Subscribe to a Weekly Series

By Rabbi Aron Tendler | Series: | Level:


Reuven is in the process of moving from one city to another. He arranges for a moving truck to come on a specific day to move his furniture and belongings. While they are moving his things, Reuven suddenly realizes that he has more furniture stored in the communal storage room in his building. However, the only neighbor who has the key to the communal storage room is out of town. To reschedule the movers for another day would cause a considerable financial expense for Reuven.

In this situation, is there any way that Reuven would be permitted to break the lock on the storage room, and would he have to replace the lock or pay the value of an equivalent lock if he does so?


    Reuven is permitted to break the lock on the storage room. However, this is only if he purchases a new lock of equivalent value _before_ breaking it, and immediately replaces the lock after breaking it. He should then give the keys to the new lock to one of the other residents of the building, so that the resident can give the keys to the neighbor in charge of the storage room upon his return from his trip. (1)


    (1) The Shulchan Oruch (Choshen Mishpat 378:1) writes: “It is forbidden to damage your friend’s property. If one did so, even if he (the damager) derived no benefit from the damage – he is obligated to pay for the entire damage, whether he damaged inadvertently or deliberately.”

    The SM”A there (1) explains that by starting off talking about what is forbidden and concluding by talking about payment, the Shulchan Oruch is trying to teach us two separate things. First of all, it is forbidden to damage someone even if your intent is to reimburse him, just as one may not steal with the intent to pay back (Choshen Mishpat 348:1). Secondly, the obligation to pay for damages applies even if you had no benefit from the damage that you did, and even if it was completely unintentional.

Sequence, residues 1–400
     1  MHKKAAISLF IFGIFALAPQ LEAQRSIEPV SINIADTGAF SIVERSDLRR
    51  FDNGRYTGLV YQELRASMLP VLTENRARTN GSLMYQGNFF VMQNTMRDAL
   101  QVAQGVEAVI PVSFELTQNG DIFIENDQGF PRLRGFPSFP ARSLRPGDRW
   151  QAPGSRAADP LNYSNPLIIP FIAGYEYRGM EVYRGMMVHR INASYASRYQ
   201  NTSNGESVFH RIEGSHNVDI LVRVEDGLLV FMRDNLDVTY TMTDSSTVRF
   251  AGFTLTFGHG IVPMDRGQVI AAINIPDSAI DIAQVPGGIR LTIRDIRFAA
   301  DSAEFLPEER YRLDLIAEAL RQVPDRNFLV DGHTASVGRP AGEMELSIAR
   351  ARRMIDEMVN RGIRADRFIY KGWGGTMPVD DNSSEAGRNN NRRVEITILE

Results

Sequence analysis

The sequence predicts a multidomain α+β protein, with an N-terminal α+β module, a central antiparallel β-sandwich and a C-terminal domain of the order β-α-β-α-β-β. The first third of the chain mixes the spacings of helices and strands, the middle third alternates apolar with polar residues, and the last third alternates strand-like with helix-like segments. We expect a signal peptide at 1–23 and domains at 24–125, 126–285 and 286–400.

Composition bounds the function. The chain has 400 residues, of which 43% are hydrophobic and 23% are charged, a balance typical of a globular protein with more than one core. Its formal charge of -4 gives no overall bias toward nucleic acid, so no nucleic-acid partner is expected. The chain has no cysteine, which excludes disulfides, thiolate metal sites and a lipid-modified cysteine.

In our case, it seems reasonable to say that the neighbor with the key in his possession was not negligent by leaving for a short time and not leaving the key with another neighbor. He cannot be expected to be constantly in his home, and generally a person would give some forewarning when he must move items from storage. Therefore, since the lock is serving the purpose that it was intended for, and it is jointly owned by all residents of the building, none of the residents would have permission to break it, even if he intends to pay to replace it (contrary to our answer above).

    The reason for our answer above is because in our case, where there would be a considerable loss of money to Reuven if he would not break the lock, we may even venture to say that if Reuven buys only a lock of _equivalent value_ before breaking in, he would still be permitted to do so. The Mishna in Bava Kamma (114a) discusses the case of a beekeeper whose bees (which are expensive) have taken flight, and have taken up residence in a little hut (which is inexpensive) belonging to his neighbor. The only way for the beekeeper to retrieve his bees is by moving the entire hut onto his property, since, if he would try to move only the bees, they would just fly off again. There is disagreement there in the Mishna between Rabbi Yochanan Ben Berokah and his son, Rabbi Yishmael if the beekeeper is permitted to damage the neighbor’s hut by uprooting it and transporting it back to his own property without explicit permission from the neighbor. The Rema (Choshen Mishpat 274) quotes both opinions, and does not say which we should follow.